Jan 17, 2014

    Mandatory wage ladder a clean sweep for workers

    FROM September, cleaning companies will come under a new licensing scheme under which they have to abide by some wage guidelines: All cleaners must be paid at least $1,000 each month. Those with higher skills are assured of at least $1,400 and supervisors, $1,600.

    The Government calls this a "progressive wage model", which assures cleaners of a $1,000 starting pay and provides a "wage ladder" where they can get higher salaries as they gain better skills.

    This new system is the boldest attempt yet by the Government to raise persistently low salaries in the cleaning sector. Industry players, it appears, have suppressed wages in order to submit price-competitive bids to provide cleaning - and security - services.

    It came after persuasion and leading by example failed. In 2011, a voluntary accreditation scheme was introduced for cleaning firms. Only accredited companies could bid for government contracts. But as such contracts covered only 11 per cent of cleaners, the move failed to lift wages across the sector.

    Industry experts and analysts, however, think that this latest move will work. They cite four reasons.

    First, it has the full bite of the law, even though a higher wage is not directly legislated.

    Cleaning firms must have a licence to operate, and a key requirement of the licence is that they use a progressive wage model to pay their workers. A committee of government officials, unionists and employers will negotiate the tiered salaries. Cleaning firms that do not follow the scheme can have their licences suspended or revoked.

    Second, the move is backed by the Government, unions and employers.

    Raising salaries of less-skilled workers while helping them become more productive is in line with this Government's priorities.

    As for the labour movement, it has been pushing for measures to raise low-wage workers' pay for years.

    Employers have said they would like to raise wages of cleaners but were unable to unless other cleaning companies did so. Otherwise, they would not be able to put in competitive bids for cleaning contracts.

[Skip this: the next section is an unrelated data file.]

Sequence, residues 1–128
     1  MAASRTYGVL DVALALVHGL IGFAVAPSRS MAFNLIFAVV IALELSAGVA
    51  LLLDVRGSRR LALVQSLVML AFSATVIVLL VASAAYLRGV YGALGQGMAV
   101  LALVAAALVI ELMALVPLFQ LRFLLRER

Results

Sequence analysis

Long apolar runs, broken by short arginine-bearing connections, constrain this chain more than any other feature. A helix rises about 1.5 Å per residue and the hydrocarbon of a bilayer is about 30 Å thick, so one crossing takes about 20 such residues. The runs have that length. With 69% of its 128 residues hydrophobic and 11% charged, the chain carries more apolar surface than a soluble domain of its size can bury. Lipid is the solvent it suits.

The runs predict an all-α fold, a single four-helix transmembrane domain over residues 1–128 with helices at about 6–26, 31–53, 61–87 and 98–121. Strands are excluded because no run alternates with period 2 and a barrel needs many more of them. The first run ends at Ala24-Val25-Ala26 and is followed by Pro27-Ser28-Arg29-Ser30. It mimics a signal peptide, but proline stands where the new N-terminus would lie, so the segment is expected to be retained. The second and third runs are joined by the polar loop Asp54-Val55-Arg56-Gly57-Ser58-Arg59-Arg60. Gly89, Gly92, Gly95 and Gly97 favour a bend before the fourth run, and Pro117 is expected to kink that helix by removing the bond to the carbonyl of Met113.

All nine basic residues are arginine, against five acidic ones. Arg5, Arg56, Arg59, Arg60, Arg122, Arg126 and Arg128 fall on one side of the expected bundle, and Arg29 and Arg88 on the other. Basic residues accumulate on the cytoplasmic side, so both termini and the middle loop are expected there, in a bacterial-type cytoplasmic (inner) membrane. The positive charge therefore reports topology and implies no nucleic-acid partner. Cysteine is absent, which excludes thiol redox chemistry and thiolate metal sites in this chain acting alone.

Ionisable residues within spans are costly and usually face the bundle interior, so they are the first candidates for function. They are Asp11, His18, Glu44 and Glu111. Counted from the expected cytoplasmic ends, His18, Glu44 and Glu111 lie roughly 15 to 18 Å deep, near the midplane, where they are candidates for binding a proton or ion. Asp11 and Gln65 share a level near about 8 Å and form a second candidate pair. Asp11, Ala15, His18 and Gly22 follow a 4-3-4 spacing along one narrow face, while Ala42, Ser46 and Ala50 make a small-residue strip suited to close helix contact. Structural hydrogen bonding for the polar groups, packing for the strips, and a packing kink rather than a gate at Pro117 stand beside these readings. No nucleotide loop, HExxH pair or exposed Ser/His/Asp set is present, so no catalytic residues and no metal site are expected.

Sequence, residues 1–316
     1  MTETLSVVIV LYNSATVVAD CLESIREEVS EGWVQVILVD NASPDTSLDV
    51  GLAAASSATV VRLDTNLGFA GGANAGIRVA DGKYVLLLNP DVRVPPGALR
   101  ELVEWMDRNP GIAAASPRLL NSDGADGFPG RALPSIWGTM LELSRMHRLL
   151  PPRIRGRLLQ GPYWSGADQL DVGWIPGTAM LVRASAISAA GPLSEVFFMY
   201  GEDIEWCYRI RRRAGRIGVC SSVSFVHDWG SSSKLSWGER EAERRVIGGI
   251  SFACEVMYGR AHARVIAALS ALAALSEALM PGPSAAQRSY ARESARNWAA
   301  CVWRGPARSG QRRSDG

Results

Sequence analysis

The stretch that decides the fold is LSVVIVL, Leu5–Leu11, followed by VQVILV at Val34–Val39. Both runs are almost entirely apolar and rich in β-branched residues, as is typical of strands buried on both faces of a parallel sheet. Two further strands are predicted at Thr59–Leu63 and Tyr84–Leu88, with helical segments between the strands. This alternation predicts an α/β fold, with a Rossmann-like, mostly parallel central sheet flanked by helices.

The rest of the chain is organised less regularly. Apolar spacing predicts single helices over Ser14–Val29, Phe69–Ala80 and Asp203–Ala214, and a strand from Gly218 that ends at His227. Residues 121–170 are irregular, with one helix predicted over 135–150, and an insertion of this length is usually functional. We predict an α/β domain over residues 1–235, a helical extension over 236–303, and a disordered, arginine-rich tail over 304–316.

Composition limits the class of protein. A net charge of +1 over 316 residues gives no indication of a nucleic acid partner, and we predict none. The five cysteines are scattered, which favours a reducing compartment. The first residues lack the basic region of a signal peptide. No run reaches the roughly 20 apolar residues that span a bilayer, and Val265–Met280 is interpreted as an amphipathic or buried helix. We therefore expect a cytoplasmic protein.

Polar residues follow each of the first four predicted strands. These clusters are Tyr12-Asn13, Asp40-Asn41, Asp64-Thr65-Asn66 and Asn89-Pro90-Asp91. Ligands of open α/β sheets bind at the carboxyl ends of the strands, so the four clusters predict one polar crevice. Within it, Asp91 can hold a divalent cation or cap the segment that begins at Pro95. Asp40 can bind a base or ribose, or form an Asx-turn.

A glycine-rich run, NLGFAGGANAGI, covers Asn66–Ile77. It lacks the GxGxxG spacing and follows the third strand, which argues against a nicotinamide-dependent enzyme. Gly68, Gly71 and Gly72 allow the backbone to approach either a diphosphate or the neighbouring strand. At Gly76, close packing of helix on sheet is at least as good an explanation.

Mr William Peh, operations director at Eng Leng Contractors, which has some 1,000 cleaners, said: "Firms that pay workers lower salaries can definitely submit cheaper quotes to get the jobs, but now that everyone has to pay at least $1,000, it is fairer."

    Third, timing favours this new move to raise cleaners' wages. The curbs on foreign workers in the cleaning sector have started to bite.

    Foreign workers can form no more than 40 per cent of a cleaning firm's workforce now, down from 45 per cent last year and 50 per cent two years ago. Firms have also been paying higher levies for foreign workers since 2010.

    This means that firms have been trying to raise productivity by buying more cleaning machines in the past few years, said Mr Sunny Khoo, sales director of Clean Solutions, which hires some 2,000 cleaners.

    The fourth reason why the new scheme will work: It's a practical move that raises salaries for the lowest-wage earners without adding onto business costs as a whole.

    Describing the move as "pragmatic", labour economist Randolph Tan, an associate professor at UniSIM, said: "I believe the Government views the cleaning sector as probably the safest sector to implement such a policy, that is, in that sector, there should be more consensus than for any other sector that workers deserve help to advance their lot."

    But several questions remain: Will raising wages of cleaners raise cleaning costs for companies? Will business tenants pay more for cleaning of premises? Will households in Housing Board flats and private condominiums see higher conservancy fees for cleaning services?

    Several cleaning companies said their profit margins are thin: At between 5 per cent and 10 per cent. Wages amount to up to 80 per cent of total cost, so a spike in wages will certainly raise their costs.

    Cleaning contracts are typically for two to three years. Contracts due for renewal in the coming months could see costs rising by up to 30 per cent, in line with wage rises in recent years, cleaning companies said.

    Apart from the worry about rising costs, the biggest uncertainty lies in the details of the new wage model and licensing framework. Are in-house cleaners and companies that provide cleaners for private residences governed by this framework? What other penalties are there apart from loss or revocation of licences?

    Answers will hopefully be forthcoming on Monday when the Government tables changes to the law to allow for this licensing-and-wage-ladder scheme to be introduced.

    For most policies, the devil is in the details. This time, though, while details still matter, the broad outlook is already clear: Prospects of lifting cleaners' wages have never looked better.